According to some modern scientists, and I quite agree, the land mass of the earth was largely one great super-continent with all its landmass connected. Some would divide this landmass into two super-continents with the northern, Laurasia, connected to the southern, Gondwana. Of course, the ratio of land to sea is entirely subjective reasoning. That is, did we have more land mass and less ocean before the Flood? We don’t know, but for the most part it is generally agreed that most, if not all the earth’s landmass was connected.
Assuming the above is true, there would not have been a great need for ocean travel for trade or military purposes. Migration and trade could be conducted throughout the globe without the necessity of sea travel. Moreover, in as much as this super-continent did not have very high mountain ranges, such as the Alps, Himalayas, Andes or Rockies, migration and trade could be conducted rather easily throughout the world without the use of the sea. This does not preclude coastal trade, but great ships would not be needed for such trade or migratory voyages.
This understanding receives some support from the impracticability of the seafaring model proposed by the Babylonian cube-like vessel, which, according to the Gilgamesh Epic was used to save all aboard. Yet, such a vessel would continually rotate and capsize in the open seas. A complete nautical ignorance is betrayed in such an account, which causes us to ask: if sea travel was generally done between countries and continents for migratory, trade and military purposes, why is the Gilgamesh model so bereft of nautical intelligence?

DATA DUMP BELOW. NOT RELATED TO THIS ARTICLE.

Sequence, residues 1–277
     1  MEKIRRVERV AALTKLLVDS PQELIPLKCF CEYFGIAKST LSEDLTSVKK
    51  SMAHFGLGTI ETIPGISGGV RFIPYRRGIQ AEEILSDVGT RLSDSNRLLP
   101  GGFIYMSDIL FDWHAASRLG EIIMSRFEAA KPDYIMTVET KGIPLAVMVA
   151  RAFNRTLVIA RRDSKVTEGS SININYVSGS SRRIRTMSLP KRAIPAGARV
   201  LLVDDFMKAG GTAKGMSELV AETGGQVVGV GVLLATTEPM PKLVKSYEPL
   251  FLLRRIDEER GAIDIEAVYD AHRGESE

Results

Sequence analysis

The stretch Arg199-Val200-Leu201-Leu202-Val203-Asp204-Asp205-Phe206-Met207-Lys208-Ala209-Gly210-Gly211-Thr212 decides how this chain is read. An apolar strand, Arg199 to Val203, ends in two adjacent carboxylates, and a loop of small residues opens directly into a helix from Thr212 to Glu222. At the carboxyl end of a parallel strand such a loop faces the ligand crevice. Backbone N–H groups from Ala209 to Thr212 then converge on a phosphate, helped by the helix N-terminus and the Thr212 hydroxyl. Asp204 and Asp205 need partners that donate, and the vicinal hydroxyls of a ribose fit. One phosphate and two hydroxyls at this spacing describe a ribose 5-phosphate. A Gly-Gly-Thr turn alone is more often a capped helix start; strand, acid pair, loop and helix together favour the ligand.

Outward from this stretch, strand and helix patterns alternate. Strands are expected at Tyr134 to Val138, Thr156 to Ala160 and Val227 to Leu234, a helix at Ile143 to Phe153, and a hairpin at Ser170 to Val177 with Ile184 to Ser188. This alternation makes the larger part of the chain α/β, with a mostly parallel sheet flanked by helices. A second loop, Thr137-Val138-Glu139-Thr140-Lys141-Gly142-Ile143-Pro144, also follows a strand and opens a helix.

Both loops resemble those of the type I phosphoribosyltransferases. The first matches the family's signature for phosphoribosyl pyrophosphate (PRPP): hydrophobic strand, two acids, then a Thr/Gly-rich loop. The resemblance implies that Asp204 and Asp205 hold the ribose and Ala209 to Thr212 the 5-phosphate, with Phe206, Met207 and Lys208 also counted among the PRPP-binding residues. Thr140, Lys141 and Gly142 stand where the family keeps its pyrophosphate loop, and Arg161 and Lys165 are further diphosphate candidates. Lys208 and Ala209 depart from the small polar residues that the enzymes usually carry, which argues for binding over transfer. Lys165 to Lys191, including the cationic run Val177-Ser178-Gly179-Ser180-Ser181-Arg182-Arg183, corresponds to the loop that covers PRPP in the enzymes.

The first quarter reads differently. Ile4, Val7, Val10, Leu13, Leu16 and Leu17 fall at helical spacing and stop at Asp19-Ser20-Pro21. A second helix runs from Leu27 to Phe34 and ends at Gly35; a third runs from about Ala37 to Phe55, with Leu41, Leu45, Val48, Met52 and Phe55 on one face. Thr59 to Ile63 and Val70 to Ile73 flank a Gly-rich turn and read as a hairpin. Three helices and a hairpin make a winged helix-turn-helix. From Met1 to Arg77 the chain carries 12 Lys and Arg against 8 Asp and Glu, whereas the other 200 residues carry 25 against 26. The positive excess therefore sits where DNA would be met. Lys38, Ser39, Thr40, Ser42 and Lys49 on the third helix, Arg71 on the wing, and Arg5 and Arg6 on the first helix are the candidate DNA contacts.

On the other hand, if sea voyages were not so frequent in ancient times, where did Moses receive his information about the Ark’s dimensions? Where did he copy such a description of its structure, if it needs to be concluded that he did copy his information? The then current flood legends display a great ignorance of nautical intelligence!
In a previous blog-post I replied to some modern arguments made against the seaworthiness of Noah’s Ark and concluded by referring to a study made by Dr. Seon Won Hong, a naval architect who found that the Ark would have been stable, safe and reasonably comfortable for those aboard. Knowing this, why should we believe Moses should know such remarkable naval, architectural design? If the Ark had been taller, it would be unstable. If the Ark had been longer, it would have broken up in the sea, and if one changed the width to length ration—wider or shorter—the Ark would have been a lot less comfortable for those aboard. How did Moses know this, if he merely copied ancient flood accounts which don’t have the Ark’s specifications, or if he simply imagined them?
The Ark’s ratio of 6 to 1 (450 feet length by 75 feet width) would tend to keep the vessel in line with the prevailing ocean currents. This would make it virtually impossible to capsize, since it would have to be turned completely vertical to do so. The Ark was not designed to sail from point “A” to point “B” but was designed to simply float and save Noah’s family and all the air-breathing animals aboard through the great flood that came upon the earth. Its flat bottom would give it about 1/3 more cargo space that regular ships of its size, which would have sloping sides. So, given the unlikelihood ancient ocean sea voyages and the practical and nautical feasibility of the description of Noah’s Ark in Genesis 6, how should we account for Moses’ knowledge of such a seaworthy vessel, being so appropriate for the intended use?
 Dr Seon Won Hong was principal research scientist when he headed up the Noah’s Ark investigation. In May 2005 Dr. Hong was appointed director general of MOERI (formerly KRISO). Dr Hong earned BS degree in naval architecture from Seoul National University and PhD degree in applied mechanics from University of Michigan, Ann Arbor.
 Henry Morris, The Ark of Noah; page 142-144 (CRSQ 8:2), September, 1971.
 Alexander Heidel, The Gilgamesh Epic and Old Testament Parallels; 2nd edition, page 246 (Chicago University Press) 1949.